Thursday, February 3, 2011 |
Editor's note: We asked C.S Richardson, the man responsible for the cover design of Unless, to shed some light on why he chose such a simple design and what it says about the story Carol Shields chose to tell.
Q: Can you provide a brief overview of who you are, what you do and how you got there?
A: Who: C.S. Richardson, born in Saskatchewan, raised in Toronto, 30-year veteran of Canadian publishing.
What: Author (first novel, The End of the Alphabet, published in 2007, winner of a Commonwealth Prize for best first book; second novel scheduled for 2012) and book designer (VP and creative director, Random House of Canada).
How: As above, 30 years in various publishing roles: publicity, advertising, marketing and project development, but majority spent in design. Largely self-taught; considered a pragmatic journeyman — 1,500 (give or take) books later, still trying to get it right.
Q: How did you come to the final cover for Unless? Can you walk us through that process?
A: At Random House, the design process is consensual. It involves a large (sometimes unwieldy) group of editors, publishers, sales and marketing folk, agents and, most important, the author, all having a vested interest in the book's success (and by extension its cover). After being briefed by the editor on major themes in Unless — the tone of the writing, possible imagery/visual metaphors, as well as specifics (cover quote, brag-lines, etc.) I developed a number of approaches.
What I do recall is that the image of the gently folded hands (representing the protagonist's wayward daughter) quickly arose as the iconic element in the design. As for other matters — composition, typography, colour palettes — much was driven by the novel's quiet and introspective style, as well as Ms. Shield's paramount place in Canadian letters.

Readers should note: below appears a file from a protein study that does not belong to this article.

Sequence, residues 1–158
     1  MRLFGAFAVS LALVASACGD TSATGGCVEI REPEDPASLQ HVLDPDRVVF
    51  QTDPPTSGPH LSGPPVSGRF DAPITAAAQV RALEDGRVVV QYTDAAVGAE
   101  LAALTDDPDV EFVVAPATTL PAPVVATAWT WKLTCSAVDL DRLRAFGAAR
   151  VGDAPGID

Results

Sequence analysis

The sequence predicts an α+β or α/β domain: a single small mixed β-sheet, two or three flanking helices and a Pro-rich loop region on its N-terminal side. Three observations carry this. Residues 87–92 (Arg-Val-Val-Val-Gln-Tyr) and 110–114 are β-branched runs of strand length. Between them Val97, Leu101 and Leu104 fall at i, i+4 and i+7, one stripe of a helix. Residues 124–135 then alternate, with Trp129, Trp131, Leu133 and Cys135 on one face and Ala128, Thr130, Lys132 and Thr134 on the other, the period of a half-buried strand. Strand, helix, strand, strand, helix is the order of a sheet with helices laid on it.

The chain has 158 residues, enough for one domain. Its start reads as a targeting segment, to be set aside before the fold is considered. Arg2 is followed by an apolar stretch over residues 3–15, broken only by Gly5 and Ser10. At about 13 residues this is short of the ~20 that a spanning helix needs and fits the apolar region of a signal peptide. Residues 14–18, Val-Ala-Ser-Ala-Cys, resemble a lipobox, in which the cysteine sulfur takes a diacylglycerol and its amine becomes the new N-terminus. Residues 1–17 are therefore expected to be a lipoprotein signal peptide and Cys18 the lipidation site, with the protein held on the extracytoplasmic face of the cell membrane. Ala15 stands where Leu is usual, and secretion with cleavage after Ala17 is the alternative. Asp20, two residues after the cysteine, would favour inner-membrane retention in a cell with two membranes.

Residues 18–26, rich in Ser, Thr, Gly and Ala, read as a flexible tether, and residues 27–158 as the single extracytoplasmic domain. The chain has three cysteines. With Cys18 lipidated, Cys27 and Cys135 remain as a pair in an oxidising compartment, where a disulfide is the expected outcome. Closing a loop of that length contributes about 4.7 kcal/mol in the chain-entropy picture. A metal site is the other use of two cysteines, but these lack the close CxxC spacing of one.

Q: What do you think the final cover says about the book?
A:That this is a major work by a major writer. It is not brash or garish. It is sophisticated, elegant, thoughtful, evocative. That you should read this.
Q: Unless was originally published in 2002. Do you think the cover stands the test of time?
A: Covers come and go. Ditto design aesthetics. It's the writing that stands the test. If I were to do it again, no doubt I'd take a fresh approach (there are any number of ways to skin the book design cat). But I'm fairly certain I'd start with the image of the hands.
Q: Are there any international covers for Unless that strike you? What about them catches your eye?
A: The ones I've seen have focused on the daughter-as-lonely-outcast, in varying aspects of dreariness. One exception is the U.S. paperback (Harper Collins) that uses a charming (and eye-catching) period image of a young girl popping a handstand to great effect. When I saw the cover, my first reaction was: "Why didn't I think of that?"
Q: What about being a book designer might surprise readers?
A: That covers take up so much of our time, while it is the interior of the book (typeface, legibility, extent) where the important stuff happens. Book design = COMPLETE book design, inside and out. If a reader can't (or won't) read the author's words, if design gets in the way of that crucial relationship, the cover is meaningless.
And that we don't always read the book we're designing. We try to, honest.
Thank you, C.S., for answering our questions!